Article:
These events had certain influence on demographic situation in the city. However growth of the city during post-war years was the deciding factor in the changes of demographic rates. Growth of cities in Lithuania during this period and decreasing number of rural population caused rapid population upsurge since approximately 1960 year. This way demographic distribution among nationalities became more comparable with the average of Lithuania in Vilnius. Vilnius became more Lithuanian, than it had been already few hundreds of years. On other hand, numerous Polish community still lives in Vilnius with deep understanding of their traditions.
Beginning in 1987 there were massive demonstrations against Soviet rule in the city. On March 11, 1990 the Supreme Council of the Lithuanian SSR announced its independence from the Soviet Union and restored the independent Republic of Lithuania, which had been annexed by Soviets in 1940. The Soviets responded on January 9, 1991, by sending in troops, and on January 13 during the Soviet Army attack on the State Radio and Television Building and the Vilnius TV retranslation tower 14 people were killed and more than 700 were seriously injured. However, the Soviet Union finally recognized Lithuanian independence in August 1991.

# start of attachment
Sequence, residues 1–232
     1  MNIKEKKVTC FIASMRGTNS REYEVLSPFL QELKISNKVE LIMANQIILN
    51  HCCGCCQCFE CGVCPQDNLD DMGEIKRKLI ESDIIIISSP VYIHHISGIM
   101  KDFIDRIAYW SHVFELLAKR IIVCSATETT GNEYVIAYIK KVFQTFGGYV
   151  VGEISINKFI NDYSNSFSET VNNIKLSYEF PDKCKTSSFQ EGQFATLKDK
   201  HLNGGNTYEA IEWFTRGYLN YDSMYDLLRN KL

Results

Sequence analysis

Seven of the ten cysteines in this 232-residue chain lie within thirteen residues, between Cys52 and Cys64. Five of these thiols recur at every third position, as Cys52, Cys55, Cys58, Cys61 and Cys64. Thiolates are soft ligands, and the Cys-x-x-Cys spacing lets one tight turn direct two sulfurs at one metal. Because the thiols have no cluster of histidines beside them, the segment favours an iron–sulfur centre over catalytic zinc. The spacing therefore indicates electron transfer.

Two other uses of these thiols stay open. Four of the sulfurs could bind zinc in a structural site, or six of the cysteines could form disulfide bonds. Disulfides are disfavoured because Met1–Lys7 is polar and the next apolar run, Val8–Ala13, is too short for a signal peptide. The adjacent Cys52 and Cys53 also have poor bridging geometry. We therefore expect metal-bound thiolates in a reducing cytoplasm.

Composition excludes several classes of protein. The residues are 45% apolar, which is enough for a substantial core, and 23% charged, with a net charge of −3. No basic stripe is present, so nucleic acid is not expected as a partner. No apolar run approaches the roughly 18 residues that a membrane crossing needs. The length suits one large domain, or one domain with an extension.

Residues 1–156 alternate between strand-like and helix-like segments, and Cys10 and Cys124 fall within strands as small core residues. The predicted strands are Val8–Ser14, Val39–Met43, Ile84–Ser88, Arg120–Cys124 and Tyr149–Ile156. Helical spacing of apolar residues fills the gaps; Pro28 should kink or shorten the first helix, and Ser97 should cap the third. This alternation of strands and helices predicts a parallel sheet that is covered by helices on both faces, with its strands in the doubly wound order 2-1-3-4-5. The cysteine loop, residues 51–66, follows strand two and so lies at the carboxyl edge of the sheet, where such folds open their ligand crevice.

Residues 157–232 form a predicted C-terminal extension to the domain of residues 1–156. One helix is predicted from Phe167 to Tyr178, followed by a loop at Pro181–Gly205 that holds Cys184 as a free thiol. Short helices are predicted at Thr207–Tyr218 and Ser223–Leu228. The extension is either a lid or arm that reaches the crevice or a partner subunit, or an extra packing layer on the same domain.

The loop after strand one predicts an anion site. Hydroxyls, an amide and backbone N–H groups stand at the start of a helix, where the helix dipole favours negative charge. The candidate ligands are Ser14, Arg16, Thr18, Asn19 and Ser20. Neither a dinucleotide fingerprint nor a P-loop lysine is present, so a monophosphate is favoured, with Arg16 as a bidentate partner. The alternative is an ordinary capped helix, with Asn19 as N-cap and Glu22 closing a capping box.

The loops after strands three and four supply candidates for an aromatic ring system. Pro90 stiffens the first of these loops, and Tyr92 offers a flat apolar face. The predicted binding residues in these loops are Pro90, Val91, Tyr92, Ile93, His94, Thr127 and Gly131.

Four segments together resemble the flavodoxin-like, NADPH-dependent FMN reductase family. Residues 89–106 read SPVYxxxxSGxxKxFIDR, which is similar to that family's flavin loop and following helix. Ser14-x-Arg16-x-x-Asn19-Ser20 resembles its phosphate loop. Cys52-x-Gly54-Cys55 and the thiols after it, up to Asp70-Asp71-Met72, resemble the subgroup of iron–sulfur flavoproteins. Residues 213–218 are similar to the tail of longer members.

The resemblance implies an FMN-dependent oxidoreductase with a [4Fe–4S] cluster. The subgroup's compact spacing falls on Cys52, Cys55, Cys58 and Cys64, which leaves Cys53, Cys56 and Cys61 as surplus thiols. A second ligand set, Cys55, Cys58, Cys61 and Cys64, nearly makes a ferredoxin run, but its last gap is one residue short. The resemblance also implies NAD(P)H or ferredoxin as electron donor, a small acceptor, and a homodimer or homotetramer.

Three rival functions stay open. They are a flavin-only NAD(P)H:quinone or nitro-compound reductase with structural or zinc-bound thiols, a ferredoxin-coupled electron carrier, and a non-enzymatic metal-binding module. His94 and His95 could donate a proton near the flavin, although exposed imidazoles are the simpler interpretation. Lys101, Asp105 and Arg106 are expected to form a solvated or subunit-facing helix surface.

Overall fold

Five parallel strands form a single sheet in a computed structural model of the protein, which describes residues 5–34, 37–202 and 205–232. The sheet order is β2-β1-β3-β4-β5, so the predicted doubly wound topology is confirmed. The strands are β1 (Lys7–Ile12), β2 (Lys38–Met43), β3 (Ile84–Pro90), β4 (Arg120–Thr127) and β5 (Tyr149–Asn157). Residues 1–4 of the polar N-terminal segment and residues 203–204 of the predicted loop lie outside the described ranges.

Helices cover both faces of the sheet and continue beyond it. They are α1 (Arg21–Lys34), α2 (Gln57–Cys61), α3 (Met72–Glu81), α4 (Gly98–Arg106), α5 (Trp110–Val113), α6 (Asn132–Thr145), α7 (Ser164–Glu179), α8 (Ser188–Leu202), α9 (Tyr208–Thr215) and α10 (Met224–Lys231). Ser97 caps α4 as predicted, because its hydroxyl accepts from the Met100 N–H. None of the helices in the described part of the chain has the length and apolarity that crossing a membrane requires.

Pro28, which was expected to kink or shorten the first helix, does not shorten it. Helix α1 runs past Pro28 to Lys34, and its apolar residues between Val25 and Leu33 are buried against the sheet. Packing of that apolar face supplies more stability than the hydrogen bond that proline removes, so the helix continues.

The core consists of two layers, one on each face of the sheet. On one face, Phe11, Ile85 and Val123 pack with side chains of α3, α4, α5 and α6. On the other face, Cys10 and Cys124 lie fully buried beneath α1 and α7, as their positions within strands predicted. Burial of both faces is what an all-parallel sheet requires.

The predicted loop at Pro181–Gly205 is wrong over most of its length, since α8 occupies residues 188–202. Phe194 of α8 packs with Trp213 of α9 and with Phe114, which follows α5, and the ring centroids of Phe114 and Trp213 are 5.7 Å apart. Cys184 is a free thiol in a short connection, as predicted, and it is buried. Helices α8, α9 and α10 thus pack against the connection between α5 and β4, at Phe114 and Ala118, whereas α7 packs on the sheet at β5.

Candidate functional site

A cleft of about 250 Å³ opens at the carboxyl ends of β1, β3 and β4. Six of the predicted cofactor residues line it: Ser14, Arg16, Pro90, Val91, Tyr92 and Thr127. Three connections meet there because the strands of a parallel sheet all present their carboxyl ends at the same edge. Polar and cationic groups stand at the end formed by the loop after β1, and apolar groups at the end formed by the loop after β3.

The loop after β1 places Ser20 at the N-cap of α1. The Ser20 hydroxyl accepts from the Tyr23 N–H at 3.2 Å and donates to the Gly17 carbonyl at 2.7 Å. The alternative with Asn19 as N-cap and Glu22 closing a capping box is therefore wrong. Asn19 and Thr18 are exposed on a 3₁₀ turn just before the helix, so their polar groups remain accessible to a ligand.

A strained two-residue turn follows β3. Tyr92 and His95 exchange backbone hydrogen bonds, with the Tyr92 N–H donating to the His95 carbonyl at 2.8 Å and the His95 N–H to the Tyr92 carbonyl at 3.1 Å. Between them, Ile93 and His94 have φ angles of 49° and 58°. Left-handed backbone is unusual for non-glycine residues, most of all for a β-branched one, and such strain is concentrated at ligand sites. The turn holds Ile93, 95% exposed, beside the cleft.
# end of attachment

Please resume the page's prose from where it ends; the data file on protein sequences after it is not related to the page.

Vilnius Coat of Arms
The Vilnius coat of arms is St. Christopher (Kristupas) wading in the water and carrying the Infant Jesus on his shoulders. The coat of arms was given to the city in the seventh year of its existence, i.e. in 1330.
In pagan times, i.e. until the end of the 14th century, the Vilnius coat of arms featured Titan Alkis, hero of Lithuanian ancient tales, carrying his wife Janteryte on his shoulders across the river.
The origin of the Vilnius Name
It is believed that Vilnius, like so many cities, was named after a river on whose banks it lies, i.e. the River Vilnia (Pol. Wilejka).
Central Vilnius in winter
Since Lithuania's restoration of independence was recognized by the Soviet Union in August 1991, Vilnius has been rapidly evolving and improving, transforming from a Soviet into a Western city in less than 10 years.